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N.H. Housing Council’s Two Big Goals: More Affordable Housing, Brief Experiences with Homelessness

George Goslin/Public Domain

New Hampshire’s Council on Housing Stability has two big goals for its strategic plan: Increase available housing by 13,500 units by 2024 and ensure that homelessness is rare, brief and one-time.  

The plan includes a number of recommended policies to reach those goals: easing regulatory barriers to affordable housing development, establishing tax incentives for development, protecting tenants from eviction and improving housing stability for those at risk of homelessness. 

Gov. Chris Sununu convened the council at the end of last year to replace the N.H. Interagency Council on Homelessness and update the state’s last homelessness plan, which was written in 2006. 

Numbers That Tell New Hampshire’s Housing Story: 

  • This year, 40% of rental households are paying 30% or more of their household income on rent. Lower-income families are likely to  pay an even higher percentage of their household income towards rent.
  • New Hampshire’s two-bedroom vacancy rate is 0.6 %
  • New Hampshire has seen a 20% increase in homelessness since 2019. 
  • Over the past five years, the rate of households leaving the homelessness system declined. Only 37% of households were able to leave homelessness for permanent stable housing in 2019. 

Elissa Margolin is the director of Housing Action New Hampshire and served on the council. She says progress, if it happens, needs to come from multiple places.  
“You need resources, a friendly policy landscape, and cultural acceptance and commitment to actually doing something about this,” she says.  

Margolin says she’s looking forward to working with state legislators to create and pass policies that incentivize municipalities to create more workforce and affordable housing. The House narrowly tabled a bill that would have offered those types of incentives on an opt-in basis during the last legislative session. 

The strategic plan includes other proposals to increase housing, such as identifying ways to repurpose vacant commercial real estate to add to the available housing stock. 

In addition to focusing on promoting new development, weatherizing and renovating older homes, Mayor George Hansel of Keene wants to look at local zoning changes to convert commercial property into residential housing. 

“Any kind of incentives or ways that we can promote creating new housing units for private developers, we’re going to do and take advantage of,” he says.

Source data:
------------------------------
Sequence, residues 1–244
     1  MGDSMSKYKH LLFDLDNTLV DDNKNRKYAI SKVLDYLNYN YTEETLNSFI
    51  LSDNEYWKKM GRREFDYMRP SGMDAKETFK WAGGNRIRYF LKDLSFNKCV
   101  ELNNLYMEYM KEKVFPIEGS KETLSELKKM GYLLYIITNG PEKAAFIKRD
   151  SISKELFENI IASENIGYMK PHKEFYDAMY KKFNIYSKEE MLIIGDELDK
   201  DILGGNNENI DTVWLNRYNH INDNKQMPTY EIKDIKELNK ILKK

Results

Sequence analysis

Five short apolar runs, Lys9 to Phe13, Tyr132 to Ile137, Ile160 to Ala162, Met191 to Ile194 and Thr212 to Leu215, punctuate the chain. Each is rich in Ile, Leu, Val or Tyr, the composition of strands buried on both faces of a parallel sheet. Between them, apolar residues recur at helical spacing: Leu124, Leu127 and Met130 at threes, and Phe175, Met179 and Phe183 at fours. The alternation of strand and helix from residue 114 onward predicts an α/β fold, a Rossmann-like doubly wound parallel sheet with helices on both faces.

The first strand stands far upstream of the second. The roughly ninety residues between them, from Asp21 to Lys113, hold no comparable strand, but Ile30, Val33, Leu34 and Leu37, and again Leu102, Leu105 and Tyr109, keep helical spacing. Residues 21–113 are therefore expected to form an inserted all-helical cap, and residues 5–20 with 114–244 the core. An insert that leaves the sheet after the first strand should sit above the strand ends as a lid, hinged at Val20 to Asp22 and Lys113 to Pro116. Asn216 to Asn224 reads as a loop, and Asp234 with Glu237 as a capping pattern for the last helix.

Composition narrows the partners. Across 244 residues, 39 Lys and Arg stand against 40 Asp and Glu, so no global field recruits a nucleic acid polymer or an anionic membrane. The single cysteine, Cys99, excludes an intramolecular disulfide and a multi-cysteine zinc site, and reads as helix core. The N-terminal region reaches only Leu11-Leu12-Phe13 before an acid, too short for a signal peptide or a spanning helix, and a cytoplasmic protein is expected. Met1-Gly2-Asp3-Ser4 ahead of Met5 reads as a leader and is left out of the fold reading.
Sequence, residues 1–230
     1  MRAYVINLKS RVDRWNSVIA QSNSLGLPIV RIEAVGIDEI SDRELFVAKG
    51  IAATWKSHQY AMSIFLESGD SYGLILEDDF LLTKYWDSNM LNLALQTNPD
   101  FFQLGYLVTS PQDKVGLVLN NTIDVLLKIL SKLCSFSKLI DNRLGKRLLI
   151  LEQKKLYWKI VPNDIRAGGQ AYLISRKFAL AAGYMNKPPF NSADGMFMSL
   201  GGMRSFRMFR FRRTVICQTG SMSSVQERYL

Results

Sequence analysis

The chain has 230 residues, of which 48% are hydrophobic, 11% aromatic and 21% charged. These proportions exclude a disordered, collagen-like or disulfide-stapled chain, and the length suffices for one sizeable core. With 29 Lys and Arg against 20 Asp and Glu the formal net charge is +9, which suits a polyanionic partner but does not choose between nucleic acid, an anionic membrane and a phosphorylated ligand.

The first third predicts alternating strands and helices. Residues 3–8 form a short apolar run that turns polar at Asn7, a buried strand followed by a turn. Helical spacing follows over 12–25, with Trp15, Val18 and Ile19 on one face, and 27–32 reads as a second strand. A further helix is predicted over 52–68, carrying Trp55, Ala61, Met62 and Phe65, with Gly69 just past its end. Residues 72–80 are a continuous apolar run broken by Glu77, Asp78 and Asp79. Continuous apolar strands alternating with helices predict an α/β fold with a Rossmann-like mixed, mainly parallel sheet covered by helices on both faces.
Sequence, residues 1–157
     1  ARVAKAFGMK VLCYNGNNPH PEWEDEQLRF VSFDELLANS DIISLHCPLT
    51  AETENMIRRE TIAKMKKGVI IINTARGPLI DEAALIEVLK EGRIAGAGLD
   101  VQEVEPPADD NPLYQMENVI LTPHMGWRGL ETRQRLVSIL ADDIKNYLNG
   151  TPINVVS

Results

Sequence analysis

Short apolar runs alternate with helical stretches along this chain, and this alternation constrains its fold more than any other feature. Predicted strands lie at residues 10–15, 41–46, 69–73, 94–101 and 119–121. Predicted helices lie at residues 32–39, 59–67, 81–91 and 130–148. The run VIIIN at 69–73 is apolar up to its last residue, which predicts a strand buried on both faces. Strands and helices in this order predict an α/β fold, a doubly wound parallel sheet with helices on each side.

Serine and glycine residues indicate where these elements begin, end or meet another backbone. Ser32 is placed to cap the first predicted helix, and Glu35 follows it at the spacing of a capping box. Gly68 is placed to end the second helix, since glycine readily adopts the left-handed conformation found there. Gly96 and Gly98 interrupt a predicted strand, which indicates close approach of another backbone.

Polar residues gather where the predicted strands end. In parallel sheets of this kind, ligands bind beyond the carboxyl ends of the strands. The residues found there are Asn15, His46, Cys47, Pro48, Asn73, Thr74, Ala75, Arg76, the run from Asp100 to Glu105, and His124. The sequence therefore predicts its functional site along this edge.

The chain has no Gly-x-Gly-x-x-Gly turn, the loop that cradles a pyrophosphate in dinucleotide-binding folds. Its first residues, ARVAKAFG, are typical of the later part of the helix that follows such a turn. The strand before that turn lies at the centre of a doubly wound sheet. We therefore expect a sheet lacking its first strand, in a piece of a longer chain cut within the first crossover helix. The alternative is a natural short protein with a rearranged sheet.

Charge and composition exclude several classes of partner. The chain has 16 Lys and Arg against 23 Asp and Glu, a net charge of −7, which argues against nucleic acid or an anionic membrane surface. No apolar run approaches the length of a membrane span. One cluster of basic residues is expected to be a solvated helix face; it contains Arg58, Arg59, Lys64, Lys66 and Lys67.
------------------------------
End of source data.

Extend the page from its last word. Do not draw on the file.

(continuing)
Hansel says he hears from local business owners that a lack of affordable housing in the area is “the issue that’s preventing our economic growth,” and contributing to the lack of an available workforce. 

Hansel, who served on one of the Council’s working groups, says homelessness is also a priority for him. He says since Keene is the population center for the southwestern part of the state, the city handles a lot of homelessness services for the region. 

“The need has been growing,” he says. “It grew throughout COVID, and the lack of stable, affordable housing just exacerbated that issue.”  

The plan emphasizes preventive strategies for homelessness, such as recruiting landlords and providing financial incentives for leasing units to households that use a rental assistance voucher and repurposing property for affordable and supportive housing.   

Margolin says the plan would put 200 new supportive housing units in the pipeline for formerly unhoused people over three years. 

“We'll need an infrastructure that supports that,” she says. She says that infrastructure includes more social workers and housing advocates at homeless service agencies to help transition people into a supportive housing environment.

The council proposed several steps to execute its plan, including appropriating $45 million in funding from the American Rescue Plan. The state received about $1.5 billion dollars from the plan

Additional steps include funding a project manager, providing incentives to landlords who enroll in rental assistance partnerships and creating bridge funding for people waiting on housing vouchers. 

Read the full plan below: 

Daniela is an editor in NHPR's newsroom. She leads NHPR's Spanish language news initiative, ¿Qué Hay de Nuevo, New Hampshire? and the station's climate change reporting project, By Degrees. You can email her at dallee@nhpr.org.
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